We mailed out 7,666 reminder letters in the past year. Our FHN admin is emailing individual and group results to each physician.
The results are OK. I think they are not as accurate as they could be, because it was hard for us to figure out how to keep our patient rosters up to date at the beginning, so some patients are on the list and shouldn’t be. We are now much better at it: most practices fax the monthly update to our FHN administrator, and she enters the changes in the EMR. As a result, our patient databases are becoming much cleaner. I received a note that the Ministry of Health will soon be sending us our patient Roster lists electronically, so that will help--if it does happen and if the EMR company programs an interface for it.
I expect that our preventive results will be better in the second year because we are better organized and we have worked out the initial problems. I think this was a good experience overall for my group; I am now getting requests from several colleagues to start a Fecal Occult Blood screening program.
We are about to do our next mailing; this is now routinely happening every three months. We are also organizing a system to phone patients who have already received two letters and have not responded yet.
The five new physicians joining our FHN will be part of this, once they implement the EMR; my two practice partners have started, and we will do their initial mail out this month. Having a project that you do as a group is a good idea: it will make you function as a group (groups don’t really happen unless you do things in common), and these projects can be used to help with EMR implementation, because they add value to the EMR.
The diabetes project is going faster than expected. Most of the flowsheets have now been put in; the work is all being done remotely, since we no longer have to go to each practice to get data from paper charts. We are now going to start putting in automated reminders for diabetes care.
I have now visited five practices in my FHT. There are different things happening at each practice, but I am starting to see a couple of things that are common. Several of my colleagues wanted the vitals and current medications to load automatically into the encounter. I showed them how this is set up in Preferences, and we changed it while I was there.
I installed several batched lab requisitions at some practices, as well as requisitions for Diagnostic Imaging. For other colleagues, I went over how to prescribe using the favourites list, and how to quickly enter ICD codes for assessments. I re-worked saved letters and handouts to make them a better fit, after asking what my colleague needed; several people will now be doing sick notes directly from the EMR.
At several of the practices, I also spoke to the front staff. I have a CD with my scanned requisitions and patient handouts, and I installed this on a networked folder on the front computer.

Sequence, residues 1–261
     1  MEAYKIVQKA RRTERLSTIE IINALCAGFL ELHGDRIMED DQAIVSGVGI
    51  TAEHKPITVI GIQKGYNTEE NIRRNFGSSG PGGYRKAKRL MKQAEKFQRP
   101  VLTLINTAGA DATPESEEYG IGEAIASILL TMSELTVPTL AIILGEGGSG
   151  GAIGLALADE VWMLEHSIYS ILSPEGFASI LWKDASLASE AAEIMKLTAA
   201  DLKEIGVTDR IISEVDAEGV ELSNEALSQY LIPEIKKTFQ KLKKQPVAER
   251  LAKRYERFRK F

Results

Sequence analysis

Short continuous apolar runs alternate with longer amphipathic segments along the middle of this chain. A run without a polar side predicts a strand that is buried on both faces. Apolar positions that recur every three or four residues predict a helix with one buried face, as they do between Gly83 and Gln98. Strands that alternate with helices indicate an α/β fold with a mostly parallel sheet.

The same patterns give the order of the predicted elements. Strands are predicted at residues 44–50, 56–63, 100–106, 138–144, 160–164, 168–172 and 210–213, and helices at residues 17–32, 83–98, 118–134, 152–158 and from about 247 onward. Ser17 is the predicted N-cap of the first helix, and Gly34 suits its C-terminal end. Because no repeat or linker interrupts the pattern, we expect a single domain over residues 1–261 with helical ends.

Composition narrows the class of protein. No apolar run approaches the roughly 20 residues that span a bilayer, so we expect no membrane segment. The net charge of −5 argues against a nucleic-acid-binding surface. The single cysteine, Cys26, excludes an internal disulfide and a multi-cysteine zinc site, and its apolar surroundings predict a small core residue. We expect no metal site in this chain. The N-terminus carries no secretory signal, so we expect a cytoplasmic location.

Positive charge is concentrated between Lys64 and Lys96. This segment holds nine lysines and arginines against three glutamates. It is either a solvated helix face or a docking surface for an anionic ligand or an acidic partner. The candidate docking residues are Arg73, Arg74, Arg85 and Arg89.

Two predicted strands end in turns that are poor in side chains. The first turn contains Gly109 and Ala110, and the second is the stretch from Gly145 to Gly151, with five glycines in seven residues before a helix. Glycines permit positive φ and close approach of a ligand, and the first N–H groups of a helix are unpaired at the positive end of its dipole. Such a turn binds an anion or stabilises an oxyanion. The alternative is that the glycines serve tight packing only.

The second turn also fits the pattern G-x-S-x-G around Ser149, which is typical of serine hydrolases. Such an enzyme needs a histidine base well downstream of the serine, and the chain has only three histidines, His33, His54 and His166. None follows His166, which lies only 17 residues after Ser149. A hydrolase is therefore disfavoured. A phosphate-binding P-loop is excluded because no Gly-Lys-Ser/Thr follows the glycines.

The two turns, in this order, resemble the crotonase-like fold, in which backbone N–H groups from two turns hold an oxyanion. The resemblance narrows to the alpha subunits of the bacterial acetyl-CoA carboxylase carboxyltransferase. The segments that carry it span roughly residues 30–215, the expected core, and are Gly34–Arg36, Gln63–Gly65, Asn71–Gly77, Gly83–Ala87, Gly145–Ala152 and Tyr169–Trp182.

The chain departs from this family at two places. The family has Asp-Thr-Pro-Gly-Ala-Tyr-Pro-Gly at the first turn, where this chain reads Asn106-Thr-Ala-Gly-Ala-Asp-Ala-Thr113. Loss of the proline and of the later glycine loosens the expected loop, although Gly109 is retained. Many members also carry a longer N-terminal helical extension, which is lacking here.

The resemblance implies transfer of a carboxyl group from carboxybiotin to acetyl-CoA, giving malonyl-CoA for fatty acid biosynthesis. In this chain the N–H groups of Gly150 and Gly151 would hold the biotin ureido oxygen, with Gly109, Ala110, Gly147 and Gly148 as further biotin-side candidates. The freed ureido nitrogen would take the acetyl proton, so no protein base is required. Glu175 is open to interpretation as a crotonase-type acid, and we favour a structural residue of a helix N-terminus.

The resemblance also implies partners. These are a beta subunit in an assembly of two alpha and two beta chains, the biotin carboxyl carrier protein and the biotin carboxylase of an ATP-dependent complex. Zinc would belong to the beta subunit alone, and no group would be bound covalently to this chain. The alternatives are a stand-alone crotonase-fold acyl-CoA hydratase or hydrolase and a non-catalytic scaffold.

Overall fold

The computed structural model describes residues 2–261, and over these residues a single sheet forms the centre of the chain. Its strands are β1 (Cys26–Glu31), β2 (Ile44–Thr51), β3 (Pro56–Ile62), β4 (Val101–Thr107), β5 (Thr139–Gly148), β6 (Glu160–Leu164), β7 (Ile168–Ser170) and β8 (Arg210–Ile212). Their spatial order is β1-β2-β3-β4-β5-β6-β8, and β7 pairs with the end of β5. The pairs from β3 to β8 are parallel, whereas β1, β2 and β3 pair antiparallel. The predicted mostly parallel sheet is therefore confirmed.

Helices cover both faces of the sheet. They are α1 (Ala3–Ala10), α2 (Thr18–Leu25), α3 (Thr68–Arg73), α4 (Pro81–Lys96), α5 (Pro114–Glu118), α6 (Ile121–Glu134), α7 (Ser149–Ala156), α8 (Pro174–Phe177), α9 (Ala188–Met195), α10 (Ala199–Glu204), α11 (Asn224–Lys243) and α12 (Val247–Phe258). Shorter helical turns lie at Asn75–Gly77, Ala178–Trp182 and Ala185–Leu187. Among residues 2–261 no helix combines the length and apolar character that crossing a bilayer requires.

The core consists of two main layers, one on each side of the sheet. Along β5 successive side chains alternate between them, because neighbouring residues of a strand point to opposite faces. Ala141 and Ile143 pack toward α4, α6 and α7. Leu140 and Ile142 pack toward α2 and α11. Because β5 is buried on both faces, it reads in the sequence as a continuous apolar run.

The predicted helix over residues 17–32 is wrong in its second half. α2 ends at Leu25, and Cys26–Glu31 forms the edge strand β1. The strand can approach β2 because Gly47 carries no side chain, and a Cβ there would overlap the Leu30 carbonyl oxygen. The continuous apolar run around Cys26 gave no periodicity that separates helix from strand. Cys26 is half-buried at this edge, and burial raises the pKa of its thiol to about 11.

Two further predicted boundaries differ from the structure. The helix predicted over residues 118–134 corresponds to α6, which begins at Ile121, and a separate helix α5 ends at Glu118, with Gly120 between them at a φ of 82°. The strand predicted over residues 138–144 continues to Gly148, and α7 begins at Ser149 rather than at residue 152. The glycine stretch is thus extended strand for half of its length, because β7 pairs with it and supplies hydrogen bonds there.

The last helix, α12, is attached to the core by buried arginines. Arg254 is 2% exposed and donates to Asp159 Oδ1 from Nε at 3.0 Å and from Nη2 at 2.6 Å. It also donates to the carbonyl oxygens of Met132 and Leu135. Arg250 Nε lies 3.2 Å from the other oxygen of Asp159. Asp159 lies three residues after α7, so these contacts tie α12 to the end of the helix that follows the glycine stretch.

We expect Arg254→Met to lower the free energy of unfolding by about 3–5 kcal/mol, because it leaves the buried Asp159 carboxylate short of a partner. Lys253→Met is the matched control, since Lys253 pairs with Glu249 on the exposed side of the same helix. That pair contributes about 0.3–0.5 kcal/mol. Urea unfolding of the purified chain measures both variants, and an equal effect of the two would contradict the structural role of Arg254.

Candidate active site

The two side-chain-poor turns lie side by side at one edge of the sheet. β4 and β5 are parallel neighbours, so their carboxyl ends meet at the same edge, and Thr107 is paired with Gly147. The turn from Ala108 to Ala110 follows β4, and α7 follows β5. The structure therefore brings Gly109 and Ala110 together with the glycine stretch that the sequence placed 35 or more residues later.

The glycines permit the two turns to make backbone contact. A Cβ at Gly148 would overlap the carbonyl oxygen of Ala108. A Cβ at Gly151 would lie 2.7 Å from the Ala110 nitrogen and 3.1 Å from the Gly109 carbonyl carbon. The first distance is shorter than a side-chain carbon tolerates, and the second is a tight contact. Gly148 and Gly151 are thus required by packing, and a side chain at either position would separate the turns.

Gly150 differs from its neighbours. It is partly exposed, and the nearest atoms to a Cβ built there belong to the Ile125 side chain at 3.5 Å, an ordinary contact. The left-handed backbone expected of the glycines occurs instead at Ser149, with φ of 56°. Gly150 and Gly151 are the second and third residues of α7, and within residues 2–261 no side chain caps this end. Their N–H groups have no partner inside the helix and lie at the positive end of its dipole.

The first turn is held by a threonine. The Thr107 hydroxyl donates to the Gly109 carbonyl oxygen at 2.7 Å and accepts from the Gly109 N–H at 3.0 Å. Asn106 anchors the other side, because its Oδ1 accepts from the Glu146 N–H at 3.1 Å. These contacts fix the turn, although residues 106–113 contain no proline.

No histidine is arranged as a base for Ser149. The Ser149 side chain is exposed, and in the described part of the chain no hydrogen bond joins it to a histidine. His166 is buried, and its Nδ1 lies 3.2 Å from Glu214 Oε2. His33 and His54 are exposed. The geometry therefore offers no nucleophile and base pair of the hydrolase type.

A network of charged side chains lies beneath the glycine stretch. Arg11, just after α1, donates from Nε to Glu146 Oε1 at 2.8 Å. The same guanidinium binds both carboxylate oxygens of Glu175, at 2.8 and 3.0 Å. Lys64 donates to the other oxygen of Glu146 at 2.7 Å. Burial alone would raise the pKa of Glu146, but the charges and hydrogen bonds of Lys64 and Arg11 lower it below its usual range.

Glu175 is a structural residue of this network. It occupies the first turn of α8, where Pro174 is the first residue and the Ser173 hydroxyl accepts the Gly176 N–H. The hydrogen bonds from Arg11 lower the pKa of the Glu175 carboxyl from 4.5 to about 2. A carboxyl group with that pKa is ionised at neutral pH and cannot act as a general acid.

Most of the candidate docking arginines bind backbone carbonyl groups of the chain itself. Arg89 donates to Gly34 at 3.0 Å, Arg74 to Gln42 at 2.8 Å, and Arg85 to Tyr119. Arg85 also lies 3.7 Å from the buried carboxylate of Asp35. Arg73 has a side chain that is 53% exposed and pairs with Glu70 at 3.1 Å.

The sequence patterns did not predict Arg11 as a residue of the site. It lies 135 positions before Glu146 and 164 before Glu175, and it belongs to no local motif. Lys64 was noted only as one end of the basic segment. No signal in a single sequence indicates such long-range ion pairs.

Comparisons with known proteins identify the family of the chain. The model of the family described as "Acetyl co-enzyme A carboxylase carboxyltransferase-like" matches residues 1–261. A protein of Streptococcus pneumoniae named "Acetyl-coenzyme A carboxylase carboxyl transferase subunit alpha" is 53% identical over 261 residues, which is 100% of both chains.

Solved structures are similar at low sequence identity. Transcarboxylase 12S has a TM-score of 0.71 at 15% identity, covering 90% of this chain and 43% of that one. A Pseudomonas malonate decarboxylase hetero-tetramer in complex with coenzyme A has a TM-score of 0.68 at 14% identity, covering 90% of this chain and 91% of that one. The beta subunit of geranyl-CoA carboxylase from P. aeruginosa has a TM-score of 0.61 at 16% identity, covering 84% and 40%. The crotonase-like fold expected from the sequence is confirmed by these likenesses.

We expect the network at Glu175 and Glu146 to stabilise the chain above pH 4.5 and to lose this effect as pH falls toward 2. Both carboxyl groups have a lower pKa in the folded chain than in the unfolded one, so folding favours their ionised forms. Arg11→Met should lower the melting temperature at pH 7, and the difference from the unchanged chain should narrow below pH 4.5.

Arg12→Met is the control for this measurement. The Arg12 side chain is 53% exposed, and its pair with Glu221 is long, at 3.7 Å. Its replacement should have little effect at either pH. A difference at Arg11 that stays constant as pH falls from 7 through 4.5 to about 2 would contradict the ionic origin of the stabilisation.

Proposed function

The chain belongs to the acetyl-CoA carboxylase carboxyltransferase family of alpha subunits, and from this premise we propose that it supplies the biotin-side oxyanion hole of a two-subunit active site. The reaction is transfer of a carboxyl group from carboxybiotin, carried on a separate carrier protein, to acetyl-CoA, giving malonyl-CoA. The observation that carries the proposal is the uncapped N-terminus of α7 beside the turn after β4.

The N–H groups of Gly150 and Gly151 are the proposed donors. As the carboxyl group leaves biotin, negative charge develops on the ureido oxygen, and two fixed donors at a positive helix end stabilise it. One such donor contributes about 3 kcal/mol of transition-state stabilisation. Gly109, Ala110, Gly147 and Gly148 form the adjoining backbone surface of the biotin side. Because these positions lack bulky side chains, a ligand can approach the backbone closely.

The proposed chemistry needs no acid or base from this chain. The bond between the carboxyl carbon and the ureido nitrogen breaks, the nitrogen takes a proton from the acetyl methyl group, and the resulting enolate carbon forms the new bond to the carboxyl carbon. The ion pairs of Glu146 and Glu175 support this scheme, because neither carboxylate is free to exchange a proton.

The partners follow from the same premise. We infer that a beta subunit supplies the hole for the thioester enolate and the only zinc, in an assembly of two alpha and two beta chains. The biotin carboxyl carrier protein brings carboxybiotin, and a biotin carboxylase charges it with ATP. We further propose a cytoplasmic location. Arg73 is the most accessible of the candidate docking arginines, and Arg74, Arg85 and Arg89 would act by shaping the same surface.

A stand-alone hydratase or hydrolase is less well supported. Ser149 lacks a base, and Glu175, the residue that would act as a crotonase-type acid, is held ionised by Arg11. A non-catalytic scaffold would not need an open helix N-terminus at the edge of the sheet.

I can see that this type of individualized assistance is of value. I was able to fix some annoying problems fairly quickly, and I think everyone was happy with the experience. I spent 1.5 to 2 hours at each practice, and the visits were pre-booked: the physicians cancelled appointments to make sure that we could sit together. I don’t expect that everything we discussed will be done, but I know that some things will, because we changed the Preferences and practiced together; if two or three common things work better, I think that’s pretty good.
It was interesting that while I was at their office, several colleagues told me that the computer made them feel “stupid”. You really have to wonder why this is happening to intelligent, very competent physicians. I think we have a lot of experience and knowledge about caring for patients, and we don’t have the same for computers. I reminded my colleagues that the amount of education and training we receive in Information Technology is several orders of magnitude less than what we receive in medicine; we are physicians and not IT specialists, after all. I don’t expect my lawyer to solve my computer problems. The stupidity lies on the side of the machines: if they worked perfectly, we wouldn’t have to deal with their frequent mood swings and reboots. My patients are used to hearing me vent at my stupid Tablet.
I went to another group on Tuesday evening, as part of the “official” Peer to Peer program. The issues were somewhat similar; their administrator was there, and we discussed work flow issues for different conditions, such as diabetes; I have now posted several entries on workflow at EMR Advisor. I showed how to make new templates using pieces of old templates. This took about two hours, which I think is about the right amount of time; more than that and everyone gets a headache.
Little pieces of integration are starting to happen on their own. I am receiving the occasional email about patients; I received a note from a specialty clinic asking if we would prefer to receive consultation letters via email. Even if the “System” makes it difficult, electronic communication is starting; perhaps we can use “going green” as an excuse to avoid paper and fax.